• 4 Months Ago
          @brotherkenny4
          CeeJayABG: I like discussing the facts. However the facts generally don't live separate lives on little cards with no relation to each other. Facts about Tesla all relate to one another. To claim that Tesla have lost $x dollars per car insinuates that no more amortization of any resources will ever occur again. NONE. EVER. That is such an ignorant idea as to be laughable. Now I'd love to speculate on how much more investment per car is coming, how has expenditure on ModelS slowed as sales rise? Then saying "profitability peaked" insinuates 1.that there is no prospect of profit EVER. NONE. 2.that you really don't understand how companies amortize R&D, equipment etc. This isn't a problem with basic accounting, it's a situation where your 'basic accounting' is completely insufficient to understand how all of the metrics relate to one another. Intelligent analyst's always talk about profit now AND future. Intelligent analyst's don't claim stupid things like $x lost per car That is the talk of TV talking heads who like to brainwash people. You seem to be under the spell with this whole comment of yours. You can't seriously think separating out things like $ profit per car at this point makes you the honest person and someone like me with the "erroneous view of financial metrics"? I'm willing to discuss it all. You aren't.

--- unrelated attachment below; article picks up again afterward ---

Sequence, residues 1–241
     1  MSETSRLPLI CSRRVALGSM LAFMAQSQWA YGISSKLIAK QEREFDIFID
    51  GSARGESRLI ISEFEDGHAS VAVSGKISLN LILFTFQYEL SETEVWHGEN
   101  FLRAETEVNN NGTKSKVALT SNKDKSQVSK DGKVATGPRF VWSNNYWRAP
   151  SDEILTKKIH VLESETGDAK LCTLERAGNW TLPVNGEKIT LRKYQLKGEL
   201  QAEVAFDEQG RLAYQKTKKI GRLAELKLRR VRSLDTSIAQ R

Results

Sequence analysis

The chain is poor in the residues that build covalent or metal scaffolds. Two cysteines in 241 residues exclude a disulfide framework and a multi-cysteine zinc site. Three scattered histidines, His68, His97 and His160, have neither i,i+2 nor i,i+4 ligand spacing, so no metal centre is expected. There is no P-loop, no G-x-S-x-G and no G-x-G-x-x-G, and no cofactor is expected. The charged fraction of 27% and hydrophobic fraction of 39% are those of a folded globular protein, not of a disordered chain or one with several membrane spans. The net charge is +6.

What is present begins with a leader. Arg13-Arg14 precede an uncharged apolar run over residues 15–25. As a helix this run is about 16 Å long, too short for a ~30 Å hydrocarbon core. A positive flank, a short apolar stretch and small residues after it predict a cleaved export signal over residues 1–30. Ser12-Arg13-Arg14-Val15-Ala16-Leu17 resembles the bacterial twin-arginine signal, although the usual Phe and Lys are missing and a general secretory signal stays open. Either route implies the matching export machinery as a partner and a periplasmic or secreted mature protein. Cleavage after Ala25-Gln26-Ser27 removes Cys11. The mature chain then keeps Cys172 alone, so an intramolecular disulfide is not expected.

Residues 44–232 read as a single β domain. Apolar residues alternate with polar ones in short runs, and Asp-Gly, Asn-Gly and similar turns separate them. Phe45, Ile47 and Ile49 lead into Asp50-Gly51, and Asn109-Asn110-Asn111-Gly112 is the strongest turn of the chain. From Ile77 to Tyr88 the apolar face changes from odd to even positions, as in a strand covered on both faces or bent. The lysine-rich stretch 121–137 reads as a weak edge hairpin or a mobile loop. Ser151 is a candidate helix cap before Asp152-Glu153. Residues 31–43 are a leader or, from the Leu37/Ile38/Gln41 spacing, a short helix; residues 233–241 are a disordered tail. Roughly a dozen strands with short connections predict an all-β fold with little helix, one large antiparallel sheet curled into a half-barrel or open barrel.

CeeJayABG
          • 4 Months Ago
          @brotherkenny4